Yesterday I opened a can of tomatoes, squished them through my fingers to break them up, added them to the soup, and suddenly pictured the long line of people who made this possible. The invisible humans who planted the seeds, watched over the growing plants, harvested the tomatoes, hauled them to the processing plant, trucked them to the store, stocked the shelf I plucked them from. The people who made the can, cast the iron pot, strung together the gas lines that feed my stove.
I happily eat alone at restaurants and bars, go to movies alone, travel thousands of miles and across oceans alone, work alone, spend much of my time alone. But still, my life is entirely dependent on the decency of people I don’t know and will never know. Every time I read this poem I think about that.
Islands, Muriel Rukeyser
O for God’s sake
they are connected
They look at each other
across the glittering sea
some keep a low profile
Some are cliffs
The bathers think
islands are separate like them
For more information about Muriel Rukeyser, please click here.
Words by Winter: my podcast
I’d love to see you in one of my spring workshops! Details here.
Observation: anyone who thinks it’s an insult to describe someone as a “former comedian” has clearly never stood alone in front of a crowd of people with the intention of making them laugh. Doing so takes crazy courage, along with smarts, empathy, compassion, and an ability not only to sense but to change the energy of the room. Go to a Moth show sometime. Stand up on stage and tell a story. Put your heart on the line.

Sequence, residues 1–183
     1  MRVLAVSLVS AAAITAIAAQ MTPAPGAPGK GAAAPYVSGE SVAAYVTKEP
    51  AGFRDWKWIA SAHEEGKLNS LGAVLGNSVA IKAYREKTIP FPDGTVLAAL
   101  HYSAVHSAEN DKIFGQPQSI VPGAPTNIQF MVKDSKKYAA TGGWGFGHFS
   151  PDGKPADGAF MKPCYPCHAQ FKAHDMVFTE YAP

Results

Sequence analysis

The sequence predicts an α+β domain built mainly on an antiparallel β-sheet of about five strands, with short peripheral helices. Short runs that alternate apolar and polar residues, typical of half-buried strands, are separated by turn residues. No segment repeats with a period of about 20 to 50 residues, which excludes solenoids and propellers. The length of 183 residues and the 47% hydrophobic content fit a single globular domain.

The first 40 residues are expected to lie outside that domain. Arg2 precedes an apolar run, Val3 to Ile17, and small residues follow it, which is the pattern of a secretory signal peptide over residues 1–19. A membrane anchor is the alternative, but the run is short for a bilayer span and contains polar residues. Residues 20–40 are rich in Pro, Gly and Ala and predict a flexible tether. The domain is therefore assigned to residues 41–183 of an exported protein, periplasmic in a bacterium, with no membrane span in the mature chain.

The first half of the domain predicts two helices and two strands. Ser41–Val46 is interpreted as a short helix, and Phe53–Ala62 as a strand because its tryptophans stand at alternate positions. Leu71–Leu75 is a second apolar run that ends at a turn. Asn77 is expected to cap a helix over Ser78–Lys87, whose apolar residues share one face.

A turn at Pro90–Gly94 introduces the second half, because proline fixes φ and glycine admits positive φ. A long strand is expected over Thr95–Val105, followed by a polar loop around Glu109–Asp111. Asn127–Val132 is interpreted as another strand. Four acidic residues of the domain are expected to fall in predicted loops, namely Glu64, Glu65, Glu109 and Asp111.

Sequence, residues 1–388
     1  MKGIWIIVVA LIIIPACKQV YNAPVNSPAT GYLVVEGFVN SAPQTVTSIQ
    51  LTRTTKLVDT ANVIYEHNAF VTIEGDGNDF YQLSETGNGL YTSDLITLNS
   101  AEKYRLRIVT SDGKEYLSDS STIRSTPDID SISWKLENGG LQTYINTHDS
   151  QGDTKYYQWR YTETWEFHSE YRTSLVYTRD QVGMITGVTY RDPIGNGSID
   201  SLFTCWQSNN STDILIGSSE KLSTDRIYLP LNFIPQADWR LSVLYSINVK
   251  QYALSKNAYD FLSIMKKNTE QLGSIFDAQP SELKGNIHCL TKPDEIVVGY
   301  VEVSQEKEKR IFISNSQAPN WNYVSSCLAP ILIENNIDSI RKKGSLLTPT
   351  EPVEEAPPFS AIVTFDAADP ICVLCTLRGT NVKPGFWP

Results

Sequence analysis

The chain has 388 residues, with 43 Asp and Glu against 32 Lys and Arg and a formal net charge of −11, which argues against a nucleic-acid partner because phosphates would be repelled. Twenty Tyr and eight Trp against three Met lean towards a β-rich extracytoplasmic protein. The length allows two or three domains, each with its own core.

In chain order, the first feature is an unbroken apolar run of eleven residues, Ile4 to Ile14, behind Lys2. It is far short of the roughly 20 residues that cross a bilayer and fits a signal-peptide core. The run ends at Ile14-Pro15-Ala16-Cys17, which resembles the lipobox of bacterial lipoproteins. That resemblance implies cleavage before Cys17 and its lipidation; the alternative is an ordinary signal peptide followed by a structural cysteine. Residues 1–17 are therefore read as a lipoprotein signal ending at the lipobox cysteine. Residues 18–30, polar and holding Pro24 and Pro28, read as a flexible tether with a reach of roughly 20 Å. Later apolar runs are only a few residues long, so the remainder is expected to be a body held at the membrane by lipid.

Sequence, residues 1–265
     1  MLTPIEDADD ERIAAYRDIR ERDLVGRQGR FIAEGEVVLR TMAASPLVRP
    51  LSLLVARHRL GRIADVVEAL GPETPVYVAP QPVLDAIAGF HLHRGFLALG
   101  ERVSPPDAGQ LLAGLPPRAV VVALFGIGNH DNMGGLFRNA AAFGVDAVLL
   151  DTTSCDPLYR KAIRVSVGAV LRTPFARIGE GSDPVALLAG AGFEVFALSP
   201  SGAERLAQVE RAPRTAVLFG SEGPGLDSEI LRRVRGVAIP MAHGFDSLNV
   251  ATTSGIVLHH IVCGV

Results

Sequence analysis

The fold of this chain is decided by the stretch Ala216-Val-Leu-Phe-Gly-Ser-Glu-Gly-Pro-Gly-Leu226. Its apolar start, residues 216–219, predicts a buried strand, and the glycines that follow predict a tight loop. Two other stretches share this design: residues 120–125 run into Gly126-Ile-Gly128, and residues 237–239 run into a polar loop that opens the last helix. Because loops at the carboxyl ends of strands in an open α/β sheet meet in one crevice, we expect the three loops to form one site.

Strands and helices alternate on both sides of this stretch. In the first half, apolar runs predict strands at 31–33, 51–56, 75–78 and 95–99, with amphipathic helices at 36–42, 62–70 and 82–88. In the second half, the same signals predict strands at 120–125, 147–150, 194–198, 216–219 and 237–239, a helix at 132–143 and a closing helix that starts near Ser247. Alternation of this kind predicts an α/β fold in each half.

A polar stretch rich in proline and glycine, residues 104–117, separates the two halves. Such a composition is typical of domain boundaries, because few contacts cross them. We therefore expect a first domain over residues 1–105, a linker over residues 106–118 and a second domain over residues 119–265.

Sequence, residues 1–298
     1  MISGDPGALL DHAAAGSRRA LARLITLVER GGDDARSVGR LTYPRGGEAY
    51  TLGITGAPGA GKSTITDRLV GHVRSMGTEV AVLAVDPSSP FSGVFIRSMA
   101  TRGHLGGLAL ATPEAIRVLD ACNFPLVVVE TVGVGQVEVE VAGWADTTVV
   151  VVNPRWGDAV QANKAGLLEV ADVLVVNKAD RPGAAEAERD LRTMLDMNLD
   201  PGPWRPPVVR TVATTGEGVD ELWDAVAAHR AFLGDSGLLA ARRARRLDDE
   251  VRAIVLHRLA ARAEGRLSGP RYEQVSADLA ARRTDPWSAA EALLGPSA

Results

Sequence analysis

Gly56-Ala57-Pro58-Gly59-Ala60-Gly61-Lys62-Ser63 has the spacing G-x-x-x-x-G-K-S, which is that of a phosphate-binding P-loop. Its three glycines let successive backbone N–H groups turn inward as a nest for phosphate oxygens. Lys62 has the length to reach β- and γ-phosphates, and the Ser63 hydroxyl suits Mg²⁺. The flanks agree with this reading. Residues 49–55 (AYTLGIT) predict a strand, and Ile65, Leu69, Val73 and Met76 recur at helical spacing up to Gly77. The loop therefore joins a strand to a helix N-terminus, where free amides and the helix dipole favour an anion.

When you do that, you’ll likely be terrified. You’ll look out at the packed room and all you’ll see is the glare of the spotlight. You won’t see all the people cheering you on with the kindness it’s possible to show a stranger who’s putting themself on the line.
I don’t know what will happen in Ukraine. I do know that Zelenskyy, the former comedian, is brave as hell.
Poem (I lived in the first century of world wars), by Muriel Rukeyser
I lived in the first century of world wars.
Most mornings I would be more or less insane,
the newspapers would arrive with their careless stories,
the news would pour out of various devices
interrupted by attempts to sell products to the unseen.
I would call my friends on other devices;
they would be more or less mad for similar reasons.
Slowly I would get to pen and paper,
make my poems for others unseen and unborn.
In the day I would be reminded of those men and women,
brave, setting up signals across vast distances,
considering a nameless way of living, of almost unimagined values.
As the lights darkened, as the lights of night brightened,
we would try to imagine them, try to find each other,
to construct peace, to make love, to reconcile
waking with sleeping, ourselves with each other,
ourselves with ourselves. We would try by any means
to reach the limits of ourselves, to reach beyond ourselves,
to let go the means, to wake.
I lived in the first century of these wars.